WASHINGTON — The intra-party race between incumbent U.S. Reps. Charles Boustany, R-Lafayette, and Jeff Landry, R-New Iberia, is officially on now that Landry announced his candidacy late Monday.
The long-expected announcement comes amid ongoing sniping between the two who have to run against each other in order to stay in the U.S. House. Congressional redistricting cost Louisiana a seat because of stagnant growth in population during the past decade.
Referring to Boustany as the “D.C. establishment candidate,” Landry announced at the Sugar Mill Pond Amphitheater in Youngsville, “The only way to fix that is to send real conservatives to Congress and not re-elect career politicians. And it is why I am announcing right here tonight — right now — that I am running for re-election …”
The redrawn 3rd District makes up southwestern Louisiana, including much of Iberia, St. Martin and St. Mary parishes. The political race with the Nov. 6 open primary election does not yet have any announced Democratic contenders.
Landry, a 41-year-old politician, lawyer and businessman, rode the tea party wave in Louisiana in 2010 to defeat former Louisiana House Speaker Hunt Downer for the congressional seat.
Boustany, a 56-year-old heart surgeon, has eight years in Congress, and is noted for his ties with House Speaker John Boehner, R-Ohio, and the party leadership. Boustany said he has “never wavered” in his re-election plans and will continue to focus on his accomplishments and conservative record representing southwestern Louisiana.
“The fundamental issue … is an issue of trust, of character and proven leadership that can get things done,” Boustany said Monday in a phone interview.
“It’s important to have good relationships with other members of Congress, including the leadership, to get things done,” Boustany said. “It’s not sufficient to give speeches and have bumper-sticker politics.”
Landry, with his thick Cajun accent, gained his most fame nationally when he held a “Drilling = Jobs” sign during a speech by President Barack Obama.
While Landry noted he has 16 months experience compared with Boustany’s eight years, he argued he has established a record as a “hard-working and determined” conservative.
“I don’t take ‘no’ for an answer and that’s what we need to turn this country around,” Landry said in an interview after his announcement.
Pearson Cross, the University of Louisiana at Lafayette political science chairman, said the Boustany-Landry battle will represent “one of the hottest races in the country.”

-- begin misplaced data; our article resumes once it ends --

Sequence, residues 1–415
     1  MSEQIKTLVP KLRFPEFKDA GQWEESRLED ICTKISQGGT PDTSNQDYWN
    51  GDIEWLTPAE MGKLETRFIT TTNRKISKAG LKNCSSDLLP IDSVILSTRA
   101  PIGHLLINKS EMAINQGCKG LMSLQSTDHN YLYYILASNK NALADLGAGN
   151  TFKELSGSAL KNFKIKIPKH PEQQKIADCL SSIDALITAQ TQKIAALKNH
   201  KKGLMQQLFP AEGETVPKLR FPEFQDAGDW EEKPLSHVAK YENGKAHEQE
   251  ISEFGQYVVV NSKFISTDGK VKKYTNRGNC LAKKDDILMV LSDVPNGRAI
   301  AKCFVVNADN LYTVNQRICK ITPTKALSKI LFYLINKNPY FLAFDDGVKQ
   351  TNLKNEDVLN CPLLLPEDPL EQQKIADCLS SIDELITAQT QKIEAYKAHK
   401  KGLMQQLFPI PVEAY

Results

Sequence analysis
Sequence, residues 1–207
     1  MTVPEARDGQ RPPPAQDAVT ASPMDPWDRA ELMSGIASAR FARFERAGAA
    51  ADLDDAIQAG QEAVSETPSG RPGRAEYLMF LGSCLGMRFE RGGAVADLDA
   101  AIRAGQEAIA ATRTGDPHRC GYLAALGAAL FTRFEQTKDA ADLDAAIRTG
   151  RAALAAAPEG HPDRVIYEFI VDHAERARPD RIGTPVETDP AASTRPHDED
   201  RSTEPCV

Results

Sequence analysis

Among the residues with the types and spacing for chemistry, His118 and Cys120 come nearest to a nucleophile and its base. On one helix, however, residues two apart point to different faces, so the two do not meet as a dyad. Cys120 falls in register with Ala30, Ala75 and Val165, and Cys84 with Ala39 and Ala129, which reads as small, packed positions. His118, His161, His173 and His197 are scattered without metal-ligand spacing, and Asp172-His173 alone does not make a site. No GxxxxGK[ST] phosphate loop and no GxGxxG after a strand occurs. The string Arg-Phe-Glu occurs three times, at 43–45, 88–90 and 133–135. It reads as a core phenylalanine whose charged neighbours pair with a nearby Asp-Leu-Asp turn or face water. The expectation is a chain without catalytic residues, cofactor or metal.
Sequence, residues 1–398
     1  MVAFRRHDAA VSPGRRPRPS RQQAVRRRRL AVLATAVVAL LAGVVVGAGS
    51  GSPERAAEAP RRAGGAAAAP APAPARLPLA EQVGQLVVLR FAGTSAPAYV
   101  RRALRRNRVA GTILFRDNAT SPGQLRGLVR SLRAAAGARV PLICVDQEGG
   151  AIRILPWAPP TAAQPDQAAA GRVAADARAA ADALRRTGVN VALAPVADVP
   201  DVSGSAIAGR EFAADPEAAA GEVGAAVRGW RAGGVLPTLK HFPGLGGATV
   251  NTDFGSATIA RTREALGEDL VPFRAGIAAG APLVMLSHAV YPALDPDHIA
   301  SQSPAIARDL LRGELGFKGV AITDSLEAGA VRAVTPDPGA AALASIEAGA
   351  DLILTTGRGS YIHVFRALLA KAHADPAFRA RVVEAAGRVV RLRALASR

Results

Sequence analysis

Boustany is the favorite because most of the new district is made up of his existing 7th District and because moderates and Democrats likely will lean toward him, Cross said, unless a strong Democrat enters the race. Boustany is not necessarily a moderate, Cross added, just less conservative than the far-right-leaning Landry.
“He’s an ambitious man,” Cross said of Landry. “It’s hard to believe he’d just walk away. He a tenacious, not to say pugnacious, individual.”
Landry’s announcement now gives him time to accelerate his fundraising, Cross said, noting that he expects Landry to eventually raise about $2.5 million compared with $3 million or so for Boustany.
Landry raised more than $325,000 for the first three months of 2012, compared to the more than $346,000 raised in the first quarter by Boustany.
While Landry has now raised more than $1 million total, Boustany still holds a solid edge in cash on hand for campaigning with more than $1.5 million reported compared to Landry’s $820,000 as of the end of March.
Boustany had a fundraising head start because Landry largely depleted his funds during his successful 2010 race.
Boustany is focusing thus far on his accomplishments, such as the pending RAMP Act legislation that would direct more federal dollars toward dredging and port projects, including dollars for Louisiana waterways.
Landry is already attacking Boustany for voting for a congressional pay raise years ago and for the 2011 vote to raise the national debt ceiling to avoid a government shutdown. Landry is using that vote against Boustany as a willingness to increase the national debt.
Last year, Landry participated in forums with U.S. Sen. David Vitter, R-La., in areas that are part of the new 3rd District to discuss their opposition to the debt-ceiling vote.
But the Washington, D.C.-based Roll Call publication and Public Citizen, which is a political watchdog and consumer rights advocacy group, took aim at Landry on Monday morning for spending taxpayer dollars on advertisements that touted the forums outside of his current district.
More than $30,000 in federal funds was spent by Landry in the third quarter of 2011 on radio ads that, in part, advertised forums Landry participated in with Vitter, who has actively backed Landry in the past.
Congressmen are not supposed to use taxpayer-funded office funds to pay for event notifications outside of their districts that do not directly serve their constituents, although the House Administration Committee and its franking commission can make exceptions.
In a phone interview, Craig Holman of Public Citizen called it an “abuse” of Landry’s power that is “somewhat unique” because of redistricting.
But Holman said he expects nothing will happen to Landry without “public pressure” because the federal franking commission “very, very rarely” enforces the rules. “They’d just rather turn a blind eye,” Holman said.
Landry’s office quickly argued that no rules were violated and that Landry’s ads simply noted his schedule, which included some events out of his district.
“As detailed in the radio ad, Congressman Landry was Sen. Vitter’s guest at the debt forum. Congressman Landry is proud to have represented his constituents and, like Sen. Vitter, vote against the Washington debt deal …” Landry’s communications director, Millard Mulé, said in an email.
For his part, Boustany called the issue a “very serious” matter that “needs to be thoroughly investigated.”